Despite investing nearly $60 million in research to create better seals and doors for cargo containers in order to prevent tampering, the Department of Homeland Security has only made limited progress in developing the technology and has yet to come up with adequate performance standards for it, according to a new report.
For years, DHS and lawmakers have worried that the thousands of cargo containers that flow from across the world into the United States, mostly by ship, are vulnerable to terrorists and smugglers using them to transport weapons of mass destruction, guns, drugs and even stowaways. Along with its cargo scanning and screening programs, DHS has been working on another potential way to counter the threat: making sure officials know whenever a container has been opened and allowing for unbroken, global tracking.
According to a new study by the Government Accountability Office, since 2004 the department's Science and Technology Directorate has pursued initiatives including:
  • The Container Security Device (CSD), to detect the opening or removal of container doors. - The Marine Asset Tag Tracking System (MATTS), to track containers.
  • The Advanced Container Security Device (ACSD), intended to detect intrusion on all six sides of a container.
  • A lightweight container with a built-in sensor grid known as the Hybrid Composite Container. The latter two have yet to complete laboratory evaluations and aren't scheduled for completion until 2012 due to technological challenges, the report said.
In the earliest laboratory phases, researchers identified enough deficiencies in the ACSD that funding for the program was suspended. One prototype, from L-3, successfully detected container door intrusion but failed to identify pre-existing holes in the containers. Another, from SAIC, also fell short of requirements but showed enough promise that the Science directorate could resume funding, GAO said. The company producing the container for the hybrid program, Marine Secure Composites, encountered durability challenges significant enough to require contract re-negotiations. DHS expects the project to resume work this month, GAO said. The CSD initiative is expected to meet its 2011 completion deadline, while MATTS is slightly behind schedule. But both are moving toward tests in an operational environment, GAO found.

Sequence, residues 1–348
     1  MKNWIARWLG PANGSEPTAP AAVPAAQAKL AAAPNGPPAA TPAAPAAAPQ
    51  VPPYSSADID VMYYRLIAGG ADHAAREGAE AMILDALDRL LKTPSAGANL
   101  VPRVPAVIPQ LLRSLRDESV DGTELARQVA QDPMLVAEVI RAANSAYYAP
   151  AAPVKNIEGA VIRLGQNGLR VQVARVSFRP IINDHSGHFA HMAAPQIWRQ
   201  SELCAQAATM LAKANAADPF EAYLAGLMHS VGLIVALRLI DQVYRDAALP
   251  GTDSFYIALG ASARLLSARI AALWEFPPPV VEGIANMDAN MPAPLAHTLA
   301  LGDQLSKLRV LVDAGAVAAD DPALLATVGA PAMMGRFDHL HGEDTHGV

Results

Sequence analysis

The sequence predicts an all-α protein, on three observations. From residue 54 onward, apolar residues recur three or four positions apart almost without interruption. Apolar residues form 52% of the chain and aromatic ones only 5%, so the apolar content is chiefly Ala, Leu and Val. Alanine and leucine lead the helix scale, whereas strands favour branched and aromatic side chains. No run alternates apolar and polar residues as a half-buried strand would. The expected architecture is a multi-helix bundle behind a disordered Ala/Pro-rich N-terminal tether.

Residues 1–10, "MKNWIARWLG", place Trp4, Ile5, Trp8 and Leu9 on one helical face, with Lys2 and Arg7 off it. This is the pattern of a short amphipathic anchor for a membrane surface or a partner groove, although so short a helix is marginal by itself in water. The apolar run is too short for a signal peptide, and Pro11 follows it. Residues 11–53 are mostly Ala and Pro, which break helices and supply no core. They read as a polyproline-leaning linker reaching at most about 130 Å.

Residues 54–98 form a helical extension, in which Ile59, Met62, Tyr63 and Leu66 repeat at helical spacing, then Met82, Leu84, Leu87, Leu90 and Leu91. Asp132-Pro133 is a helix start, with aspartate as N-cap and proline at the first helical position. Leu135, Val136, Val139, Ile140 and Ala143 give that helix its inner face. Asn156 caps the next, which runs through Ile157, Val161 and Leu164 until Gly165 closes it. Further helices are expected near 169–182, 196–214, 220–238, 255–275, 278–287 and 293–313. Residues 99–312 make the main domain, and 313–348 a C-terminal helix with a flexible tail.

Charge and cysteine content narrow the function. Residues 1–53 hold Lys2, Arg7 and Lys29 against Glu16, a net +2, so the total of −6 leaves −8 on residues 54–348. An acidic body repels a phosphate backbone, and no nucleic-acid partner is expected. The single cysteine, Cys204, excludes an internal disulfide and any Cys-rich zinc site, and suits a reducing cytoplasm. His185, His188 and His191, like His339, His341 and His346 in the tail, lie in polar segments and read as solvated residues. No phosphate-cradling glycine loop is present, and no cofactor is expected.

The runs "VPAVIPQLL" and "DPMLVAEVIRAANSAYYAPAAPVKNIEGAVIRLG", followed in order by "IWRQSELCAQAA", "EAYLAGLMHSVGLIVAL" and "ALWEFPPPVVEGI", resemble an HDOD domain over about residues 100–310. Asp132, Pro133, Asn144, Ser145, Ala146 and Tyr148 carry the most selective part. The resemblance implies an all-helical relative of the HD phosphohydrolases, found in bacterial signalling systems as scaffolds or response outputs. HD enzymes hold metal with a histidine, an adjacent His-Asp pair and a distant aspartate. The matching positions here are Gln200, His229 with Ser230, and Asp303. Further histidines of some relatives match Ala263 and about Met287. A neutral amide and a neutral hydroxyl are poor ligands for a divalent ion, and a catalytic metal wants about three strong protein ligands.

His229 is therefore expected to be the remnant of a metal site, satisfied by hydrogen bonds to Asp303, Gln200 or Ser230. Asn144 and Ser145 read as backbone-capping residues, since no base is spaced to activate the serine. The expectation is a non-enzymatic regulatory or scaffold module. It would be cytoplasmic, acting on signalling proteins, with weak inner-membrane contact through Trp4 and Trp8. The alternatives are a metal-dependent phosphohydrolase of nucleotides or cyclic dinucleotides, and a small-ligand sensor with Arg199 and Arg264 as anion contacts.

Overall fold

The Science directorate plans to test the performance of the CSDs -- small sensors mounted on containers' door frames and walls -- on a trip from Shanghai, China, to Savannah, Ga. But GAO found that the department's master plans for the operational tests don't reflect all of the real-world implementation scenarios foreseen by Customs and Border Protection and other agencies. "Our prior work has shown that when operational requirements are not established prior to acquisition, it can negatively affect program performance," the report said.
Before the Science directorate provides performance standards -- including system requirements and test plans -- to CBP and the Office of Policy Development, it should test the devices in all of the possible implementation situations DHS expects, the report said. Until it does so, the Science directorate cannot provide the agencies with reasonable assurances that the technology will work properly. Even if the directorate does determine that the technology is mature enough to issue performance standards, CBP and the Office of Policy Development would still have to obtain industry support for production, develop a concept for operation and deployment and certify the devices for use, GAO found.